4) Use Roach Insecticide Sprays - These aerosol powered spray cans contain a lethal dose of bug killing liquids. By spraying the roach insecticide chemicals along hidden baseboard floors and on dark and hidden areas underneath and inside cabinets where roaches frequent, you provide tremendous roach killing power on contact. The insecticide sprays contain a chemical that instantly starts to kill the roaches on contact should one wander across a sprayed area. While it's great to know that it's lights out for any roach that crosses its path, the sprays do not provide much residual or long lasting roach control. Only roach baits can target the roach nests and hit the source of the spawning problem. However, back when I had a heavy roach problem, I always kept a few bottles around at the ready. Chasing a fast running roach is much easier with a roach spray. It beats having to swing wildly like a drunkard with a shoe or newspaper.
5) Use Water Jars (Vegas Roach Jars) - Another common household remedy to combat mild roach problems is the use of a so-called Las Vegas roach trap jar. It's called that because the practice was recently popularized by a Las Vegas news report of its effectiveness in catching roaches. While I've never tried it out, the concept sounds rather interesting.���� The Vegas���� cockroach trap consists of a glass jar filled with coffee grounds (as bait), and a little bit of water that is placed against a wall. It is important that the roach jar trap is placed against a wall because roaches prefer to travel along edges where their bodies can maintain constant contact with a wall. Some people like to place Scotch masking tape on the outside of the jar to give the roach more traction. However, once they fall into the jar, the slippery glass surface prevents them from being able to climb out. Supposedly, cockroaches are attracted to these water jars. This type of homemade anti-roach remedy if effective, is a wonderful alternative to using toxic insecticides and baits. But frankly, I'm not fully convinced the technique actually works.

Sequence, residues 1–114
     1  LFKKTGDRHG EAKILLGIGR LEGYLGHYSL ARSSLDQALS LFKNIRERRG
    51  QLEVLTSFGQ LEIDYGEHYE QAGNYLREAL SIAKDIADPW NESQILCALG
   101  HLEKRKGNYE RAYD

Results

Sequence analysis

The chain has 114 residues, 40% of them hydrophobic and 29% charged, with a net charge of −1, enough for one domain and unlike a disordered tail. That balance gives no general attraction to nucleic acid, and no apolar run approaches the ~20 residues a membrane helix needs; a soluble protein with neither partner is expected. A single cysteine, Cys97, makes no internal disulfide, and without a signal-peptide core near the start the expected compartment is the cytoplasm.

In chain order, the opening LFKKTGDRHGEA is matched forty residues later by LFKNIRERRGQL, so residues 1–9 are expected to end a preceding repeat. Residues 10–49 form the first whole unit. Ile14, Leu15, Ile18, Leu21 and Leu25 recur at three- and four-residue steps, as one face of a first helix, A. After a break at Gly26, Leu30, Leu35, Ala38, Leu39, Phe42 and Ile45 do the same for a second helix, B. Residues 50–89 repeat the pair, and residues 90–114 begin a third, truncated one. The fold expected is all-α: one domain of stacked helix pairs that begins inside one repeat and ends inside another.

I'm sure everyone has their own secrets and methods to killing roaches. Feel free to share your ideas.